Abstract Purpose To measure peripheral artery function using a real-time phase-contrast (PC)-MRI sequence with tailored image-processing algorithms for flow computation. Materials and Methods An approach to real-time flow measurements was developed based on two-dimensional spatially selective excitation pulses and consecutive tailored processing of the data to derive blood flow and vessel area variations. The data acquisition strategy allows for flow measurements at high spatial and temporal resolutions of 1 mm2 and 50 msec, respectively. In postprocessing the vessel area is automatically extracted using correlation measures in conjunction with morphological image operators. By means of in vitro and in vivo validations, it is shown that the current methods provide accurate and reproducible measurements of flow and vessel area variations. Results In vitro the comparison between the lumen area measured with the presented method and the values obtained by calliper gauge measurement showed a difference of 3.4% 3.4% (mean 2 SD). Similarly, the comparison between the stroke volumes determined with the presented method and by stopwatch and bucket measurements yielded a difference of 6.1% 2.1%. In vivo the results from the real-time measurements for lumen area and stroke volume were compared with those from a gated PC-MRI technique with differences of 4.8% 14% and 3.0% 24.7%, respectively. Conclusion The presented method constitutes a reliable tool set for quantifying the variations of blood flow and lumen area in the superficial femoral artery during reactive hyperemia and for studying their correlation with cardiovascular risk factors. J. Magn. Reson. Imaging 2006. 2006 Wiley-Liss, Inc. [source]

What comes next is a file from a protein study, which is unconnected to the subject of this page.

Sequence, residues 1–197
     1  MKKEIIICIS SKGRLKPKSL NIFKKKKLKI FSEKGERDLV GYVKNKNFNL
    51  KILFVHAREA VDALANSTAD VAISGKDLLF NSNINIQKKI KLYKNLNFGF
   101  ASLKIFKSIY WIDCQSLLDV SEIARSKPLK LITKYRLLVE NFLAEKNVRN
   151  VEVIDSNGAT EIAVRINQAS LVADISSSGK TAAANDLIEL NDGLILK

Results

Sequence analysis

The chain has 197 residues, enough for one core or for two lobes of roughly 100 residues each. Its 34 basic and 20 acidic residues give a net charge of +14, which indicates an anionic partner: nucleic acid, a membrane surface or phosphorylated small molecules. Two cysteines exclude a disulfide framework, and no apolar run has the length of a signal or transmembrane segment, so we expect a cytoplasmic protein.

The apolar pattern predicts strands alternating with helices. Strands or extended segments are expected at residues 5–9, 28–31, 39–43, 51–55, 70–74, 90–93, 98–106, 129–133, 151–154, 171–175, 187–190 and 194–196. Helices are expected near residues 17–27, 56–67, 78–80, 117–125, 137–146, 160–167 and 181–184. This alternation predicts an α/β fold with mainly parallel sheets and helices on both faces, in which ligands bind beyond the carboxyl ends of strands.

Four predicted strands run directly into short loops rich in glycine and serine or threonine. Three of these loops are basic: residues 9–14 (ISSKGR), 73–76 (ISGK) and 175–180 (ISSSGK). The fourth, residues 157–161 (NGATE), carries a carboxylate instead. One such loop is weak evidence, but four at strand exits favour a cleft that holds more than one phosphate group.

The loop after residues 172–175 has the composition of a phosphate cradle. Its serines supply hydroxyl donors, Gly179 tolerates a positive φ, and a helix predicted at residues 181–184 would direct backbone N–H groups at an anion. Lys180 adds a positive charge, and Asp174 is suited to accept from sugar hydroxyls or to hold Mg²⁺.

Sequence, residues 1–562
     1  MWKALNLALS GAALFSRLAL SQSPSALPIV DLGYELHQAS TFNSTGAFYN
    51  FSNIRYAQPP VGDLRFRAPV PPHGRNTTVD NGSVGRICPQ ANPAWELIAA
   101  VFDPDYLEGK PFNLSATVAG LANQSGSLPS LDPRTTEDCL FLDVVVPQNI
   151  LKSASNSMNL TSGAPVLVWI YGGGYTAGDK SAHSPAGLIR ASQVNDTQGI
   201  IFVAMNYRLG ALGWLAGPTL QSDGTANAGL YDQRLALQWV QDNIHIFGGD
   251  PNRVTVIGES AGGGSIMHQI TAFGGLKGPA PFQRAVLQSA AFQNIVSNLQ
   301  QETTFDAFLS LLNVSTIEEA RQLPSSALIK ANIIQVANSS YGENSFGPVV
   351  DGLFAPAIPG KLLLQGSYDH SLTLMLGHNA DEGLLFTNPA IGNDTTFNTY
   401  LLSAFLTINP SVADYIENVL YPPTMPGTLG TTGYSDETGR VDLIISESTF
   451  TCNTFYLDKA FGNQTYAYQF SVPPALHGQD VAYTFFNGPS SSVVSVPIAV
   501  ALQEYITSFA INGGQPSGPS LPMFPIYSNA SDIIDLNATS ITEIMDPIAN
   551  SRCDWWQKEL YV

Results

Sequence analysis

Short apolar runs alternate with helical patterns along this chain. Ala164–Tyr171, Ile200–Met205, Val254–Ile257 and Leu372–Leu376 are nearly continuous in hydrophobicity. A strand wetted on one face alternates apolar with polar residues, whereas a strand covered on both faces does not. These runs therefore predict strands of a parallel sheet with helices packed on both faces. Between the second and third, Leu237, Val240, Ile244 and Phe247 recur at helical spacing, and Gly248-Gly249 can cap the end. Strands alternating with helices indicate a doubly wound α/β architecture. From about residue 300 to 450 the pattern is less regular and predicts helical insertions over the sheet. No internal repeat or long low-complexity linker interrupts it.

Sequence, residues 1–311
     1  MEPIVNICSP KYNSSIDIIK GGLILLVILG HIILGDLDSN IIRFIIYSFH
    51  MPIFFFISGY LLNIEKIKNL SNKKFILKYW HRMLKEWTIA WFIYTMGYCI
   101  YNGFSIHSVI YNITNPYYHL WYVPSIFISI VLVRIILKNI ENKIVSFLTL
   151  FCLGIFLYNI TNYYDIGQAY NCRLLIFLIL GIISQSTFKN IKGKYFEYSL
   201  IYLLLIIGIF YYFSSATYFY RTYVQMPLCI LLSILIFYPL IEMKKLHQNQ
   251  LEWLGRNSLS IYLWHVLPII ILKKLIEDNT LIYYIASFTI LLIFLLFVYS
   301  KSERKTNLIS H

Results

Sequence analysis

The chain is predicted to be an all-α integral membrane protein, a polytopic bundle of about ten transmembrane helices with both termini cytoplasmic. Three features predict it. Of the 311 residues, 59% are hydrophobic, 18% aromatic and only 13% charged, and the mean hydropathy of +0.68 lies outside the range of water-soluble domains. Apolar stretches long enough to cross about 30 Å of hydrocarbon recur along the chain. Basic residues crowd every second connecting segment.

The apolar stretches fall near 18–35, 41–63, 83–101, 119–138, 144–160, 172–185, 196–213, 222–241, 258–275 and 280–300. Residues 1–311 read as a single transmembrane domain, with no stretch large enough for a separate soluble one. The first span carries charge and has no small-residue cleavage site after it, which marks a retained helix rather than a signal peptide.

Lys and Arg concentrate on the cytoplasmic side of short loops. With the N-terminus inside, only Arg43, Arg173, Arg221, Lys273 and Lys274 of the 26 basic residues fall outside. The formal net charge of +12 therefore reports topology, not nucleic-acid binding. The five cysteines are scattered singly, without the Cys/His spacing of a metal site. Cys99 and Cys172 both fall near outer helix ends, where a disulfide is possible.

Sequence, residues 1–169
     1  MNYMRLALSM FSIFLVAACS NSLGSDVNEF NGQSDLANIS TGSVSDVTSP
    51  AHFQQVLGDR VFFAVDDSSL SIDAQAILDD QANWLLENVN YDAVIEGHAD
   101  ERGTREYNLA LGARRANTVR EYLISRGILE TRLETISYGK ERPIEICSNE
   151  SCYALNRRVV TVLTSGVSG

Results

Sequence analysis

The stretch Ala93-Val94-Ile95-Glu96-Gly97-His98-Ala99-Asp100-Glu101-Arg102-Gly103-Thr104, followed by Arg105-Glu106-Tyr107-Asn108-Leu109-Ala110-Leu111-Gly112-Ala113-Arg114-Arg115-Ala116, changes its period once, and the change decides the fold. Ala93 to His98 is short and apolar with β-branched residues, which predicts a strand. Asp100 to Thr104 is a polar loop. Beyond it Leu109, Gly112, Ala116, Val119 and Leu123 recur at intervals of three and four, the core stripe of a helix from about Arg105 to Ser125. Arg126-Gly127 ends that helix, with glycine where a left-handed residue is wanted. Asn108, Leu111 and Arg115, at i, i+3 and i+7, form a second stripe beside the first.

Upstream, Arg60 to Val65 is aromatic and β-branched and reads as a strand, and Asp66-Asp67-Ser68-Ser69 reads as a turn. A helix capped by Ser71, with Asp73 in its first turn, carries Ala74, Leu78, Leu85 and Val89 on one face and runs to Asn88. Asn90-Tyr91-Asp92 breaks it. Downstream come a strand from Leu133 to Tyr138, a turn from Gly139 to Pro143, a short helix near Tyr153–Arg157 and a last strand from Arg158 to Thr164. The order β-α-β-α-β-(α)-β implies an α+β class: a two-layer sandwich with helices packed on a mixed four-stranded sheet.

Undersampled radial MRI with multiple coils.

Iterative image reconstruction using a total variation constraint